After a Miami blowout shortened the Celtics’ season, everyone is to blame

MIAMI — Coming into Game 3, the Boston Celtics had a plan and a purpose. They knew that one more loss would send their season into irreparable trouble. They came with the best of intentions.

Then it all fell apart. So after going 0-3 in a 128-102 loss to the Miami Heat, Joe Mazzulla went out and fell on his sword.

“I’m not ready to play them,” he said. “I didn’t execute the right game plan. I’m not putting them in the right frame of mind to be ready, it’s my job to make sure they’re connected and they’re ready to play, and I’m not doing that.

But why? Why can’t the Celtics, who always play best when their backs are against the wall, look like they’re over the top?

“It’s a little bit confusing because we’re so committed and seem locked in going into the game. But to go out there and do that is a performance that can’t happen,” Grant Williams said. Athletic. “Even in a regular season, that doesn’t happen. To do that in the conference finals is scary.

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But as Mazzulla said when questioned about some of the big decisions he made this year, hindsight is 20/20. He and his staff have put together detailed game plans for players who have contended in the playoffs over the years, but then the system doesn’t quite catch on, and that attention to detail leaves them with too many cracks to cover.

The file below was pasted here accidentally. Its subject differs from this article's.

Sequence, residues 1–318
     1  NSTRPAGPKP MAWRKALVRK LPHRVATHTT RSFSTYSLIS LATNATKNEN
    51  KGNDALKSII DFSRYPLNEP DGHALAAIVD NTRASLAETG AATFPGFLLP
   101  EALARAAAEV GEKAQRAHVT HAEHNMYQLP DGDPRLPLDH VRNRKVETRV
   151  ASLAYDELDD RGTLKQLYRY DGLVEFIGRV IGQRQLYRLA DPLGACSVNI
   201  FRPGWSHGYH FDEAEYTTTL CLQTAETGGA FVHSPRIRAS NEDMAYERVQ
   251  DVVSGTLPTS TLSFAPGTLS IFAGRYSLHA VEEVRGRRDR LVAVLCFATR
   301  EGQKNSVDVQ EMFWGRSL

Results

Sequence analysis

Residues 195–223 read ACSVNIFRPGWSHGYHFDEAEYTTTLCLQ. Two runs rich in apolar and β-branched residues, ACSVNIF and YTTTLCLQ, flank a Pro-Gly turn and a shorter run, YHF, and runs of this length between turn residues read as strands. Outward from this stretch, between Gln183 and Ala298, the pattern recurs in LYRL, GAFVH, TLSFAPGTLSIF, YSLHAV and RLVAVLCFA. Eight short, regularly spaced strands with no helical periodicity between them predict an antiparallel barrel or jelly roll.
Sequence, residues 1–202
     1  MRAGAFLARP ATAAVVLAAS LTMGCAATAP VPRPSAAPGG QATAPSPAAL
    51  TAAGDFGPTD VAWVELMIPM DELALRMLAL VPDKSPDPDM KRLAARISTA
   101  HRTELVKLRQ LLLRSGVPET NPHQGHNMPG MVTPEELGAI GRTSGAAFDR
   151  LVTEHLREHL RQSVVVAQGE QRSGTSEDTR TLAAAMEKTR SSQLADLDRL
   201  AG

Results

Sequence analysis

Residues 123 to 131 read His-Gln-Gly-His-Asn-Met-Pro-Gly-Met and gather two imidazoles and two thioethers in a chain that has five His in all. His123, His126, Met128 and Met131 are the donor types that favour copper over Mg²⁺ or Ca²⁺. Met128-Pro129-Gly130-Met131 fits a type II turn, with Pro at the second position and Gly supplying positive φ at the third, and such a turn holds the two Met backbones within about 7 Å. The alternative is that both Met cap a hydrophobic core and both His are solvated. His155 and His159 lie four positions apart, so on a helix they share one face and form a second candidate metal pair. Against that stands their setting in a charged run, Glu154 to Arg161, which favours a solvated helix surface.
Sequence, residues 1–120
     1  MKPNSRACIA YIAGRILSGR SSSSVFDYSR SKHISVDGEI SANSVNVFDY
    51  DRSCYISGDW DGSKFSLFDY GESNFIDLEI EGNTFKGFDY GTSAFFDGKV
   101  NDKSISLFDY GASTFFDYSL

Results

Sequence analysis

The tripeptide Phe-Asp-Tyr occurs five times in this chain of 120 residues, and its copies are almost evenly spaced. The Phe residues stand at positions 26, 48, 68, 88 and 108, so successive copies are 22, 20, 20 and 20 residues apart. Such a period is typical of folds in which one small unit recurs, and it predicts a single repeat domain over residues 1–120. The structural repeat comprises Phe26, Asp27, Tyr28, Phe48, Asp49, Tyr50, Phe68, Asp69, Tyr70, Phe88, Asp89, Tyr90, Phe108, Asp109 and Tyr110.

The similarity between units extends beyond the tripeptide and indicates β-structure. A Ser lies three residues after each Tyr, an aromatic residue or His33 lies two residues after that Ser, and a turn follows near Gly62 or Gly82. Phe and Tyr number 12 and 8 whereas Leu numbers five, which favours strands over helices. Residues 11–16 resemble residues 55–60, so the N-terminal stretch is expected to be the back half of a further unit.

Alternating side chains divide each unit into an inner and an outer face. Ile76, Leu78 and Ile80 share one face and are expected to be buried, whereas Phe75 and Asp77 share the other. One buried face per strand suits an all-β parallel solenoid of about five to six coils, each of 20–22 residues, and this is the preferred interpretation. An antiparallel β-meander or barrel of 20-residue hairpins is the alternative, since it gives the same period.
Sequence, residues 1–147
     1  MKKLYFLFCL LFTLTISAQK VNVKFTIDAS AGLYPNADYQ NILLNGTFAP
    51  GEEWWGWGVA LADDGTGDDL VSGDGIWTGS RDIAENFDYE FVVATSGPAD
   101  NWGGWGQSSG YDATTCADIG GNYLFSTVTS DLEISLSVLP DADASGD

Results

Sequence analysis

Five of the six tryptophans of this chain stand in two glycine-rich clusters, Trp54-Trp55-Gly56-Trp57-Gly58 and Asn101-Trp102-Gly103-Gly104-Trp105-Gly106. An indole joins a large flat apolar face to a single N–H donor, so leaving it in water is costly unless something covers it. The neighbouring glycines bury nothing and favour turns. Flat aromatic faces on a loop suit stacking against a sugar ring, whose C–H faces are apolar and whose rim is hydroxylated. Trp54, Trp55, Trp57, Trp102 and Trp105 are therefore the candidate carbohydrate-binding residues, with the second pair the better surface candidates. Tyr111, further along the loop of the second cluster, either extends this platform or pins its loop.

Mazzulla was asked, “I don’t want to say you’ve lost this team, but is there a disconnect between you and the players at this point?”

“Yeah, that’s where I need to be better,” Mazzulla replied. “Find out what this team needs to make sure they’re connected, they’re physical and they’re together by the time we step on the floor.”

When asked what was the reason for the disconnection, he said he was not sure. It is not clear why this team is not playing up to its standards. This should not fall solely on Mazzulla’s shoulders as the center is well prepared to weather these trying moments with its years of experience. Although his players blamed themselves, sometimes they were at a loss for words as to why they were so lost.

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“There’s nothing he can tell us. There’s nothing he can do to make a team compete, make a team play hard,” Williams said. “As much as you can say it can be a head coach, but we look each other in the eye and say, ‘What’s going on?’ It must be said. Because as players, we’ve been here before and we’ve been doing it year after year. Not seeing the same edge on us is something I’ve never experienced before. It looked like we rested tonight and as a player, that’s unacceptable and frustrating.